What is the difference between manual handling and hazardous manual handling?

Manual handling is any activity requiring the use of force exerted by a person to lift, lower,
push, pull, carry or otherwise move, hold or restrain any animate or inanimate object.
A hazardous manual task, as defined in the WHS Regulations, means a task that requires a
person to lift, lower, push, pull, carry or otherwise move, hold or restrain any person, animal
or thing involving:

• Repetitive or sustained movements,
• Postures or forces involving long duration.
• High or sudden force.
• Hand-arm or whole-body vibration.

Not all manual handling is hazardous. Often a working person can have a hard day at work,
go home tired but then wake up the next morning fitter and stronger than the morning before.
This occurs when the worker has used correct manual handling techniques, is in a safe work
environment and where workloads are managed by well-informed safety professionals.
Here the objective is to create workers who are “athletes in industry.” This is in direct
contrast to workers who carry out their daily tasks with no thought of manual handling safety,
who end up getting injured and old before their time and cost industry billions of dollars in
direct and indirect costs each year.







What is a musculoskeletal disorder (MSD)?

A musculoskeletal disorder, as defined in the Work Health and Safety (WHS) Regulations,
means an injury to, or a disease of, the musculoskeletal system, whether occurring suddenly
or over time. MSDs may include conditions such as:

• Sprains and strains of muscles, ligaments and tendons
• Back injuries, including damage to the muscles, tendons, ligaments, spinal discs,
nerves, joints and bones
• Joint and bone injuries or degeneration, including injuries to the shoulder, elbow,
wrist, hip, knee, ankle, hands and feet
• Nerve injuries or compression (e.g. carpal tunnel syndrome)
• Muscular and vascular disorders as a result of hand-arm vibration
• Soft tissue hernias
• Chronic pain MSDs occur in two ways:
• Gradual wear and tear to joints, ligaments, muscles and intervertebral discs caused
by repeated or continuous use of the same body parts, including static body positions
• Sudden damage caused by strenuous activity, or unexpected movements such as
when loads being handled move or change position suddenly







What should you do if you suffer an injury at work (or home)?

If you do suffer an injury it is important to take immediate action. RICER is an acronym to
help you remember the steps in injury care. They stand for;

• Rest
• Ice
• Compression
• Elevation
• Referral

It is essential to follow the RICER method in the immediate (acute) stage of the injury – that is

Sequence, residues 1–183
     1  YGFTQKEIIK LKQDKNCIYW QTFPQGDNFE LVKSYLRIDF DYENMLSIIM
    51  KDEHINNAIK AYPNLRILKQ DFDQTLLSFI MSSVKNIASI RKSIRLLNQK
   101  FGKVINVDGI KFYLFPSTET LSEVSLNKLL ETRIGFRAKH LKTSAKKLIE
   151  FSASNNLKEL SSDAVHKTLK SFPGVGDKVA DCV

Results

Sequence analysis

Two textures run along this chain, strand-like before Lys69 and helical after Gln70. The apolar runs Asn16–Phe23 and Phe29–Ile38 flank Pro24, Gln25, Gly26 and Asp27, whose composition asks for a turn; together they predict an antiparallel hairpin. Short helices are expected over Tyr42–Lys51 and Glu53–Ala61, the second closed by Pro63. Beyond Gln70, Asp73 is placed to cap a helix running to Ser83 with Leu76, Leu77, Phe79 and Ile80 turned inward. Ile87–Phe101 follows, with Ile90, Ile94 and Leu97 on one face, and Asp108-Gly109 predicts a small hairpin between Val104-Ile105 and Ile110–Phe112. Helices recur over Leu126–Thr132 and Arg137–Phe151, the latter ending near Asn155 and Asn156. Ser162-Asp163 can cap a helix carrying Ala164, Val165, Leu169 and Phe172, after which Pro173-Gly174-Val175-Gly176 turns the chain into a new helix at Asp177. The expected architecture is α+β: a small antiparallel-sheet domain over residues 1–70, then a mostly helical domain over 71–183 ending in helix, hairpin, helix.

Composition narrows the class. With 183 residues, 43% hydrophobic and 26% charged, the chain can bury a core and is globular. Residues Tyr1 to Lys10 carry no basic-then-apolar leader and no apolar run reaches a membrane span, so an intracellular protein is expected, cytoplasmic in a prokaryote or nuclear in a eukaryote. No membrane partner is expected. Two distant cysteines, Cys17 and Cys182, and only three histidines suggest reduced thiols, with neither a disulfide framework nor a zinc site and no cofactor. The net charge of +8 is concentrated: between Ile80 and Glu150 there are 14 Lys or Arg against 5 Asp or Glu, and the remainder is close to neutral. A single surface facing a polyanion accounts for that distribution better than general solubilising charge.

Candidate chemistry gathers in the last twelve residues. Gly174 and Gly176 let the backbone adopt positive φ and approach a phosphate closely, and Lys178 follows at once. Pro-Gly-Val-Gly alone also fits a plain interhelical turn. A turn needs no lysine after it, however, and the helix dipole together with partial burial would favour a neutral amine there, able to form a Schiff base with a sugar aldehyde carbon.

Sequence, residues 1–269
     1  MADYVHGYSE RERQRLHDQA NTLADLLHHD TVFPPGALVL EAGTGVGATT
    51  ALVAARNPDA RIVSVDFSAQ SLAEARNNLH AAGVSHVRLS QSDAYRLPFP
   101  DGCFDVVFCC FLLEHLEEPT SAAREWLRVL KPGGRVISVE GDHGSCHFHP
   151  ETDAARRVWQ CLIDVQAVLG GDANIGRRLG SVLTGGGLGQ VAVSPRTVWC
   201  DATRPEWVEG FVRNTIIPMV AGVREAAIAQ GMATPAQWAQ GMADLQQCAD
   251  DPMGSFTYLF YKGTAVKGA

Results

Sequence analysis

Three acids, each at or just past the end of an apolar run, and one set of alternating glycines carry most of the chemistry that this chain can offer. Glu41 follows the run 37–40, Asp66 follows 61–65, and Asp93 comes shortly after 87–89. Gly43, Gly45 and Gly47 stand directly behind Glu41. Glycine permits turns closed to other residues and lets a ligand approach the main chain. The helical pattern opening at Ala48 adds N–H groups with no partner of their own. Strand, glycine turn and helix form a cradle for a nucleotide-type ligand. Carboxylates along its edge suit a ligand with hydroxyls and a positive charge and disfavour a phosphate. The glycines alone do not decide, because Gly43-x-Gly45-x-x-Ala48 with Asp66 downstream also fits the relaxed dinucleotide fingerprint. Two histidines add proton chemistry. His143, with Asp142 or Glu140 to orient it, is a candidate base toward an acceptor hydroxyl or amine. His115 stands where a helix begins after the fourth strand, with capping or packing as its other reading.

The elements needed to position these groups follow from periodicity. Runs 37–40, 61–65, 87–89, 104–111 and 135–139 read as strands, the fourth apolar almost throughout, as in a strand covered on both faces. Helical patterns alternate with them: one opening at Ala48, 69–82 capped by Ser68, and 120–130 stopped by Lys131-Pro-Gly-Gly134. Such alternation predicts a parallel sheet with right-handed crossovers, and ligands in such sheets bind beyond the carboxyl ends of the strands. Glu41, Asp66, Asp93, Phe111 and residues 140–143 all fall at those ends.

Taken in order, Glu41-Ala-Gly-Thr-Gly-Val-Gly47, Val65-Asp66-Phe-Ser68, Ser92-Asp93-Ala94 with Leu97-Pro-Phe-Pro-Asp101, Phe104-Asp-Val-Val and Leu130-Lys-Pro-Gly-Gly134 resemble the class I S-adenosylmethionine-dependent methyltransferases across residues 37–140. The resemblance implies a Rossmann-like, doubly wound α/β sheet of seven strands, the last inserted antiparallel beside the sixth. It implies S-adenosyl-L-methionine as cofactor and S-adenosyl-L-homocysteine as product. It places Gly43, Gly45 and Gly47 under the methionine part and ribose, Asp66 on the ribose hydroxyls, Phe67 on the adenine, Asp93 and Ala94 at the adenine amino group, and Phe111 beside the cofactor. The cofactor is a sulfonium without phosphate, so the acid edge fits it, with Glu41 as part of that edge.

the first 24 to 48 hours. The sooner you treat a soft tissue injury, the greater the chance of a
complete recovery. Without treatment scar tissue can limit future movement and strength in
the muscle or joint.







How can you avoid injury at work (or home)?

The Backsafe program sets out a series of proactive actions that will drastically reduce your
risk of creating a musculo-skeletal injury. For example;
• Stretch frequently before work, after breaks and regularly during work activities.
• Shift positions often – the key is to move, move, move.
• Occasionally reverse postures which are maintained for prolonged periods while
occupying a workstation.
• To minimise the effects of exposure to hand-arm or whole-body vibration injuries,
ensure properly cushioned seating and footrests. Where hands could be affected
wear gloves and make sure cushioning to handles are in place.
• Never jump from a vehicle or a loading dock or any elevated area. Climb up and
climb down.









What is the manual handling hierarchy of controls?

If the hazard cannot be eliminated, the following controls, in descending order of desirability,
should be applied:

• Can the hazard be substituted with a less hazardous one by using a different material or
work process?
• Can the hazard be isolated from the worker or the worker from the hazard?
• Can mechanical means be used to minimise the risk?
• Can safer work or administrative practices be put into place?
• As a last resort, can personal protective equipment (PPE) be used?
A combination of the above controls may be necessary if no single measure is enough to
reduce the risk to the lowest reasonably practicable level.
Training, instruction and proper supervision are a vital part of addressing hazardous manual
handling and other vital areas of safety concern in any production process. A manager or a
working person doesn’t know what they don’t know. It is the job of a professional safety
manager to advise and implement training in areas that pose a problem of getting a job done

Personal Protective Equipment (PPE) should be used as part of an integrated organisational
approach to health and safety management. It should complement other control methods,
not replace them.